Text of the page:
One for the Animals

At one point this blog was basically a tribute to TC Boyle- I was mentioning Tortilla Curtain on a weekly basis. The book was truly moving and I still firmly believe every Californian, if not American, should read it, as immigration continues to be such a controversial topic. This is a book that made me think. And so did the second Boyle book I got around to finishing last night, When the Killing's Done.

A quick synopsis: The main character, Alma, works for the National Park Service and is in charge of exterminating the rats of Anacapa Island and the wild pigs off Santa Cruz Island, both part of the Channel Islands (a boat ride out of Santa Barbara, California). This is being done as a result of native animals, such as foxes and birds, becoming endangered- both rats and pigs were brought by humans and interfere with the original habitat. Of course PETA and a fictional protesting group try to prevent this process, Alma's nemesis being an older, wealthier hippie named Dave Lovejoy. In the end, while I don't want to give any spoilers, Dave definitely pays for his interference. So, the question is, who should decide the fates of animals- humans or the animals themselves?

In true Boyle fashion, he's forcing me, the reader, to really examine my own ethics. Neither character is necessary likeable- Alma is all business, too rational for her own good, and a bit cold at times. Dave Lovejoy is a bit hypocritical (he's the owner of three high-end electronic stores, yet has dreads and defends nature), has a crazy temper, and goes out of his way to humiliate Alma. Both passionately believe in their causes, though, which are both centered at the idea of protecting wildlife. In essence, their hearts really are in the same place, just with competing animals.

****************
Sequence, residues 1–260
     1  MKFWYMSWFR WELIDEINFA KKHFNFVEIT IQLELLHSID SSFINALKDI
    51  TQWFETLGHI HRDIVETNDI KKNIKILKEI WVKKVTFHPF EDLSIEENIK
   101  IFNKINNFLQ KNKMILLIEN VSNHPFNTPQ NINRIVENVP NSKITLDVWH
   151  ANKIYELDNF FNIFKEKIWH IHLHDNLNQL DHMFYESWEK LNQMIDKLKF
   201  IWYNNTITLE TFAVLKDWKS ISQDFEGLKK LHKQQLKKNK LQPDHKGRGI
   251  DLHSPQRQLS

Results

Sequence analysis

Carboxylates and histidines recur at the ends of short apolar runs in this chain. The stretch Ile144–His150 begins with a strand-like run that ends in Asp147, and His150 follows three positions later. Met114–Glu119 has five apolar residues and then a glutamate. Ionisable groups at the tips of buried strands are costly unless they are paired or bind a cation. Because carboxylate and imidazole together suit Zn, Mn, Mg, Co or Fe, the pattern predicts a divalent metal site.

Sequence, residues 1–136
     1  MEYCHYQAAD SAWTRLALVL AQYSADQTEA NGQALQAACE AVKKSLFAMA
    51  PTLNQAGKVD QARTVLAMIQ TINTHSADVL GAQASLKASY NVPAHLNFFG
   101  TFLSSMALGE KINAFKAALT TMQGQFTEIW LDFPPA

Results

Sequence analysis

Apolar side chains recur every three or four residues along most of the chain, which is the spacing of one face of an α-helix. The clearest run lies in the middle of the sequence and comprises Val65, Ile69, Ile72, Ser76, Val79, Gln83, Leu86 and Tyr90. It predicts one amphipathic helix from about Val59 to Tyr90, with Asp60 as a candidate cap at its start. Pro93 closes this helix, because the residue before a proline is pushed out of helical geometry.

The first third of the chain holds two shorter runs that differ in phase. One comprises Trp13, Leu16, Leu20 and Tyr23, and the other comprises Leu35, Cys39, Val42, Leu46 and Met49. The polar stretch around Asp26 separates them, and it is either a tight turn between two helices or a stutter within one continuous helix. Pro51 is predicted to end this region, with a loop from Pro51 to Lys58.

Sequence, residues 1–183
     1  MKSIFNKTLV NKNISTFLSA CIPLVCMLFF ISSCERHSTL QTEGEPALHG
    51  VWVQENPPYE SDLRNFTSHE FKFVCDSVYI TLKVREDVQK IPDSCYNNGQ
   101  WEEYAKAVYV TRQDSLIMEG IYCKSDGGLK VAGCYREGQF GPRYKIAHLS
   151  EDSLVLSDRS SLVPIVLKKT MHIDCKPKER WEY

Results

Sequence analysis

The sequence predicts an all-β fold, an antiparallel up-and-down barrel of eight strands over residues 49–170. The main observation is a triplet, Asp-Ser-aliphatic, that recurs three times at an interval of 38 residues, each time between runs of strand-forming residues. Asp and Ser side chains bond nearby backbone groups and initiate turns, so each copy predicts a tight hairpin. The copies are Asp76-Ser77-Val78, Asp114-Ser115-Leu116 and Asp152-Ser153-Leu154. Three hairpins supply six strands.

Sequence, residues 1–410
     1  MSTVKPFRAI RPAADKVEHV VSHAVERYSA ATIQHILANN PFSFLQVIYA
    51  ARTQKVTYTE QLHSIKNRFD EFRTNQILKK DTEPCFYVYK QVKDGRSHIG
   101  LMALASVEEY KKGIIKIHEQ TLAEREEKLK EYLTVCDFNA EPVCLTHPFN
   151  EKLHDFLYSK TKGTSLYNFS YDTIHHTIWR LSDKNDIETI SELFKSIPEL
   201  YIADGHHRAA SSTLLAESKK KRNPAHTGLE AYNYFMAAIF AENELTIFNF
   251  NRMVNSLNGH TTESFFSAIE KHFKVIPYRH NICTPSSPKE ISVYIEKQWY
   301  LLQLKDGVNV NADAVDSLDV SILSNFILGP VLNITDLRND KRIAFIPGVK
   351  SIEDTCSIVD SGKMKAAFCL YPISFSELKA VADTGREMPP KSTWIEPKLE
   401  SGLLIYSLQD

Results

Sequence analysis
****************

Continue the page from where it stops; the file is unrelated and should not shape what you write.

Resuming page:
In the past few years I've become more interested in vegetarianism and how we treat our furry/feathered/scaled friends. I cut red meat almost completely out of my diet a few months ago (I had only eaten it once or twice a month, so it wasn't hard) and for "lent" I decided to give up meat completely (still not a terrible sacrifice since I only eat in a few times a week). If both sides in the novel are trying to protect animals, who do you choose?

I definitely don't agree with Lovejoy's tactic- his group vandalized Alma's car, tried to reverse the effects of the rat poison on Anacapa, and bullied her in public. Alma, on the other hand, never really seemed to listen to her opponents. I can clearly see both sides in the debate- the side of me that gravitates towards science understands the need to step in and reverse the consequences that humans had unknowingly caused long ago. Islands overrun by rats and pigs is doing nothing to promote a healthy, diverse, stable ecosystem. On the other hand, Lovejoy has a point- nature usually has a way of controlling that sort of thing itself. It would probably take generations, but eventually natural selection would kick in. He staunchly believed that the animals should be left alone and that the island should remain untouched.

And alas, I'm torn. And this is why this novel is excellent and Boyle is a gifted writer- this won't be a book I forget about next week or next month. It's made me question myself and the ethics behind the decisions we make as humans for the sake of the environment. And it encourages people to consider both sides of all controversy, whether it be a as small as an argument with a family member, or as grand as eradicating thousands of pigs.

Read it.


  1. I've never heard of TC Boyle before. I've got a B&N gift card that's been burning a hole in my wallet. Looks like I finally know what I'm going to spend it on!*